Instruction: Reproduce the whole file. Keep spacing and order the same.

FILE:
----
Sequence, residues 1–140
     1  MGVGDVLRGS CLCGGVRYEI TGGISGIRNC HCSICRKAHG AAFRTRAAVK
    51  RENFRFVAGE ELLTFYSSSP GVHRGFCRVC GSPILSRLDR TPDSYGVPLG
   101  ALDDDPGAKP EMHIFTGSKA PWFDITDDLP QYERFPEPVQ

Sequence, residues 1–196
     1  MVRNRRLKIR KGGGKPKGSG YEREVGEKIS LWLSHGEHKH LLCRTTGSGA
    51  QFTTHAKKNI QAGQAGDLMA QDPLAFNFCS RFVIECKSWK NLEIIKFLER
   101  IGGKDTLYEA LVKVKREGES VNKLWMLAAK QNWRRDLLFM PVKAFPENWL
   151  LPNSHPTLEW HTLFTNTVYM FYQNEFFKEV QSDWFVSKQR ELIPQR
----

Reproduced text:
Sequence, residues 1–140
     1  MGVGDVLRGS CLCGGVRYEI TGGISGIRNC HCSICRKAHG AAFRTRAAVK
    51  RENFRFVAGE ELLTFYSSSP GVHRGFCRVC GSPILSRLDR TPDSYGVPLG
   101  ALDDDPGAKP EMHIFTGSKA PWFDITDDLP QYERFPEPVQ

Sequence, residues 1–196
     1  MVRNRRLKIR KGGGKPKGSG YEREVGEKIS LWLSHGEHKH LLCRTTGSGA
    51  QFTTHAKKNI QAGQAGDLMA QDPLAFNFCS RFVIECKSWK NLEIIKFLER
   101  IGGKDTLYEA LVKVKREGES VNKLWMLAAK QNWRRDLLFM PVKAFPENWL
   151  LPNSHPTLEW HTLFTNTVYM FYQNEFFKEV QSDWFVSKQR ELIPQR